Like James and Lily, Lupin and Tonks didn’t risk their lives to defeat Voldemort. They gave their lives for each other, because no one person should bear the weight of the sacrifice. They gave their lives for their son, who deserved a better world. They gave their lives for love, not for victory.


I think it’s important to see the ways Voldemort’s evil creates these cycles, children taken from their parents and parents taken from their children, again and again. I think it’s an important sobering note in the victory—yes, this time Voldemort is really dead, but there’s another baby this time, another infant who will never know his beautiful, wonderful parents because of Voldemort and his message of hate and violence. Another child who will grow up wondering where he came from, what his parents were like, what would be different if they were alive.


But it’s also beautiful that Teddy will have such a different experience. And his experience will not be different because Voldemort is “really gone.” His experience will be different because his grandmother will tell him about his brilliant mom. Because Harry will tell him about his wonderful dad. Because Harry will help him deal with his pain and loss, be a sympathetic ear who understands what it’s like to grow up without your parents. Because the Weasleys will welcome him as another grandchild, and he’ll grow up with Victoire to throw dirt at, and James as a little brother. His experience won’t be different because Harry won a war, it will be different because of love.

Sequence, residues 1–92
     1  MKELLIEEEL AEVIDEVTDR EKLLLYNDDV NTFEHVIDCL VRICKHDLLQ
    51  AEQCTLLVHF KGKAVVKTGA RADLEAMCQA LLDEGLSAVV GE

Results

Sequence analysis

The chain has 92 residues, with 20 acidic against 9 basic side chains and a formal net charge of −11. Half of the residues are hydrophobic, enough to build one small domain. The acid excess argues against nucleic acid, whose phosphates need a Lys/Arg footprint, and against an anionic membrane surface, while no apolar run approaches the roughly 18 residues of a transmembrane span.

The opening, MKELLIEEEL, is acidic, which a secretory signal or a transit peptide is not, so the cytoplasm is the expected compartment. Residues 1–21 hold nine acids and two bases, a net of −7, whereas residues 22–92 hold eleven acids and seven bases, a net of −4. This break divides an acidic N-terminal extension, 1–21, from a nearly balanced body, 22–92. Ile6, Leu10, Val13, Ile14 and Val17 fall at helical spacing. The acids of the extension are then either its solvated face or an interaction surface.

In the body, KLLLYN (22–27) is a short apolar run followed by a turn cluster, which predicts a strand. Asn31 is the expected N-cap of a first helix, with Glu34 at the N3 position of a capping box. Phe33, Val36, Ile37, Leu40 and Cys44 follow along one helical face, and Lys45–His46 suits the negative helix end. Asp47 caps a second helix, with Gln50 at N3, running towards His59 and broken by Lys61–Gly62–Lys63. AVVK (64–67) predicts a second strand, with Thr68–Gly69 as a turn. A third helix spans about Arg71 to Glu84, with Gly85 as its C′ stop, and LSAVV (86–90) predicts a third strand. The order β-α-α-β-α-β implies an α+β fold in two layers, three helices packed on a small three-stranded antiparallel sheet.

That’s the whole story of Harry Potter. Sometimes we have to fight for what’s right, but what really makes life worth living and what really changes the world isn’t magic or power or moral superiority. It’s love.

saethcohen:

bookishandi:

padfootstolemycrumpet:

NO NO NO NO NO NO NO NO NO NO NO NO NO NO NO NO.
But also YES.
Because for me this is a pretty important part of the final battle. A lot of folks accused JKR of just wanting to kill people off, and Lupin and Tonks were one of the major “sins” in that category. But for me, one of the major themes of her books is vicious cycle of violence, and another is the ways ordinary people can break that cycle. It’s important that we know that Harry doesn’t stop all the pain, that he’s not the last war orphan. Just like the first War, parents and adults have to make choices, choices with consequences.